Despite a rocky 2022, Africa is still poised to grow its digital economy. In recent times, the continent has seen steady and deliberate efforts from both the private and public sectors to actualise this charge. These efforts, however, have been limited to consumer-facing products and have neglected the infrastructure that powers them.
According to a 2022 report by Endeavor Nigeria, Africa’s digital economy is approaching its S curve, and this growth has been driven by COVID and an increase in tech talent. The report estimates that the market size of the digital economy is $115 billion now and expected to be $712 billion by 2050.
The report also establishes that this charge is still in its infancy, with mobile penetration numbers hovering between 30% and 40%. Beyond having devices that can access the internet, the critical infrastructure that powers the transfer of information, such as data centres and fibre optic networks, is also necessary for actualising this charge.
However, there is a serious shortage of data centres on the continent. There are currently only 86 colocation data centres in 15 countries in Africa, and the majority of these data centres reside in the Big Four—South Africa, Egypt, Nigeria, and Kenya.
In a new effort to remedy this shortage, the United States International Development Finance Corporation has loaned $30 million to Africa Data Centres (ADC) to build a new facility that will more than triple the company’s current facility. The loan is a follow-up to the first disbursement of $83 million in August 2022 and is part of an initial $300 million loan that will be disbursed over the next few years.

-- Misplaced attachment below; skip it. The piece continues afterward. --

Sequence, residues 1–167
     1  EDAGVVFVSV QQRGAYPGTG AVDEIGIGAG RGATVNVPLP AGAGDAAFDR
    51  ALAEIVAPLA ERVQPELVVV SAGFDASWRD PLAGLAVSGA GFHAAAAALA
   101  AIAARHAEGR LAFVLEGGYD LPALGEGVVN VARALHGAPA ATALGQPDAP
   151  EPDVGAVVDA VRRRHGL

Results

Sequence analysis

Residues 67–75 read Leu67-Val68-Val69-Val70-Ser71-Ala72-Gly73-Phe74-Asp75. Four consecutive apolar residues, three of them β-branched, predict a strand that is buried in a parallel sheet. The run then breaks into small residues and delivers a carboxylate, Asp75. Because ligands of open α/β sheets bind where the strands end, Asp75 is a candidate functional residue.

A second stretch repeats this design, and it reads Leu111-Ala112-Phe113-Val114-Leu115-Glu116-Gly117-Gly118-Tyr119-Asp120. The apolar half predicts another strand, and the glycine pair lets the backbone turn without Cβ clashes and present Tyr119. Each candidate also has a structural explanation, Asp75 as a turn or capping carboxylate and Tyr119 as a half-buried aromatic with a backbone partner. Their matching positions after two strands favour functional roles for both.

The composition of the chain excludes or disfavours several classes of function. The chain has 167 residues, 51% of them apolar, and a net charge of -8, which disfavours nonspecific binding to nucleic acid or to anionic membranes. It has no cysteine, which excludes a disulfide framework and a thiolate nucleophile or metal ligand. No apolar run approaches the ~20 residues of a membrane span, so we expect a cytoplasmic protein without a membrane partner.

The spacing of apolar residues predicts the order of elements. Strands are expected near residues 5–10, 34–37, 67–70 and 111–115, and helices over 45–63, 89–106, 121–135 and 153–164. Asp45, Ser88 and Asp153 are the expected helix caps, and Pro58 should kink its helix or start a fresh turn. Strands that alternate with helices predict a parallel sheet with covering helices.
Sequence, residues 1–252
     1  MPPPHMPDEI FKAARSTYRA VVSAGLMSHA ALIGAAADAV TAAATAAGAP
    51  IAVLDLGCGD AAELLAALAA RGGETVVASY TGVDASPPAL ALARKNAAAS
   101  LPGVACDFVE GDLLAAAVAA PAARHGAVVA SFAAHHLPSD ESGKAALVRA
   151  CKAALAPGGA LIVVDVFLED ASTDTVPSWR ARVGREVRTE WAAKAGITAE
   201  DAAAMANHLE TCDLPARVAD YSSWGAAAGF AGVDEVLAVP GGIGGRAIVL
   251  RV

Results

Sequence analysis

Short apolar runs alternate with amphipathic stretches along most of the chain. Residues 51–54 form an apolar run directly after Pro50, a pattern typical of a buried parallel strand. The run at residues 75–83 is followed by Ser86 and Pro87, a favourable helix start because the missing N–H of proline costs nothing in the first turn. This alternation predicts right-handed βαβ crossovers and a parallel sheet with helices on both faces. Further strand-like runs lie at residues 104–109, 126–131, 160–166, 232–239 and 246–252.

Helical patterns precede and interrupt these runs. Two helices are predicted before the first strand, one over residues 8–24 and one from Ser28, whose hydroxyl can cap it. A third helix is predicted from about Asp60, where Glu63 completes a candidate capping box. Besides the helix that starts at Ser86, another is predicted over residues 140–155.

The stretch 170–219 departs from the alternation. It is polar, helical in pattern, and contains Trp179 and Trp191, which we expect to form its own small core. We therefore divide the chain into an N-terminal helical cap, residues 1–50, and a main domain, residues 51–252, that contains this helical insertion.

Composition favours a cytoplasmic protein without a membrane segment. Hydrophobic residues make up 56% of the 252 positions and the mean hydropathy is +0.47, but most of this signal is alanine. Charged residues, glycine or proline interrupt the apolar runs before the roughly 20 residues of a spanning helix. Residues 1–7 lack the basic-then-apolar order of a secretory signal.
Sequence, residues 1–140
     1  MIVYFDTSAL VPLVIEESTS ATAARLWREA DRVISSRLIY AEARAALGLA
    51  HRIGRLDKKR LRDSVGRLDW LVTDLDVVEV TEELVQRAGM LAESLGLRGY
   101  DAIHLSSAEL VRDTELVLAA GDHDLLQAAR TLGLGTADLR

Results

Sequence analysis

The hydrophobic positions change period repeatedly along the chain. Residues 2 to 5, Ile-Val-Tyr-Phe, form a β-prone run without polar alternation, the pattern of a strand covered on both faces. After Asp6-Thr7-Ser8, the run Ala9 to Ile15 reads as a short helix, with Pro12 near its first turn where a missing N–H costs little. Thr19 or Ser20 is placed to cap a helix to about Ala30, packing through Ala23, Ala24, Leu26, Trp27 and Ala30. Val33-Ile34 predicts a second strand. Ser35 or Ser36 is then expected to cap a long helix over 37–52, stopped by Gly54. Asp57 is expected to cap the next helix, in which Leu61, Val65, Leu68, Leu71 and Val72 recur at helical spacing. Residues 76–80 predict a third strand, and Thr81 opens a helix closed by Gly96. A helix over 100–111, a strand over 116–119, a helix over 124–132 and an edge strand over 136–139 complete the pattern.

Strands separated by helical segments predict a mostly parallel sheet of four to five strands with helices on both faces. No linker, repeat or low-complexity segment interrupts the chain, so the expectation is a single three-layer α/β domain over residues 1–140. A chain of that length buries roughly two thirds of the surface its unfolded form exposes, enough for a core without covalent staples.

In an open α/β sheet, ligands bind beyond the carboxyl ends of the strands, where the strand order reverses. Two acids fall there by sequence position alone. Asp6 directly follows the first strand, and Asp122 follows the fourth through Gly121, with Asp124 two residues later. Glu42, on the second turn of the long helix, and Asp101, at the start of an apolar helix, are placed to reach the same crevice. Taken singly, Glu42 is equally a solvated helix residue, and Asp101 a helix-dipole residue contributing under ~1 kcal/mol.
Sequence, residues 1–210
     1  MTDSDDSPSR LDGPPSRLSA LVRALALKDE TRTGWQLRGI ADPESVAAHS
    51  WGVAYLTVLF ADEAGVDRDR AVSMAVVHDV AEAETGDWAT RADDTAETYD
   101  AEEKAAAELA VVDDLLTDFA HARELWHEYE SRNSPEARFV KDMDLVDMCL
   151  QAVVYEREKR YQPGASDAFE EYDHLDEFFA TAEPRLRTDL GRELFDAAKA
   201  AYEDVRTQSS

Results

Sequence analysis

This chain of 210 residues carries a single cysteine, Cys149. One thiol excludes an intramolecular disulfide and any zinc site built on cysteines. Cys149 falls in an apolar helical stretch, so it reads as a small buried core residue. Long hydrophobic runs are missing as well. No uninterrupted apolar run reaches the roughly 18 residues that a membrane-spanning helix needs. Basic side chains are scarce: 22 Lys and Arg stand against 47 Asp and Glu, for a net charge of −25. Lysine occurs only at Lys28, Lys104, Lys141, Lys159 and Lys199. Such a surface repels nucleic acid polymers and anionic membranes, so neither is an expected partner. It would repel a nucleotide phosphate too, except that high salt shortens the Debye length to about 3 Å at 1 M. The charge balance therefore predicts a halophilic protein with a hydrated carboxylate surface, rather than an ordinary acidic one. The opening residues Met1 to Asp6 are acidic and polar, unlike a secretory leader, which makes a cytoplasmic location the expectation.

Africa Data Centres is one of the continent’s largest networks of interconnected data centres, providing businesses, cloud providers, and hyperscalers with power, cooling, security, and connectivity. The new facility will be completed in mid-2024 and will increase the company’s IT load from 4.5 megawatts to 15 megawatts.
Speaking on why the data centre will be located in Kenya, Hardy Pemhiwa, the CEO of Cassava Technologies, the parent company of Africa Data Centres, said, “Our decision to increase our investment in our data centres in Kenya is in recognition of the position the country now occupies as a leader in the adoption of digital technologies in Africa.”
He also stressed that data centres will be significant for the economic growth and digital transformation of the continent.
The United States ambassador to Kenya, Meg Whitman, spoke about the fact that Africa is home to only 1% of the world’s data centres despite being home to 17% of the global population. She added that projects like these are at the centre of Kenya’s and Africa’s tech transformation.
Tesh Durvasala, ADC’s CEO, explained that there are still plans for more expansion depending on demand from its customers. “Our customers are mainly the Africa 500…, and eventually we will be able to expand to 20 or 25 megawatts capacity if we witness a continued growth in demand.”
The absence of sufficient data centres on the continent can be tied to two major causes: a lack of enabling policies by governments and a lack of interest on the part of the private sector to establish more data centres. This new facility shows that it is possible to significantly improve the state of digital infrastructure through increased public-private partnerships.
While the construction of one data centre cannot remedy a difficult situation, it shows that steady strides are being made towards actualising the digital economy charge and that African governments just need to take the improvement of the continent’s digital infrastructure by the horns.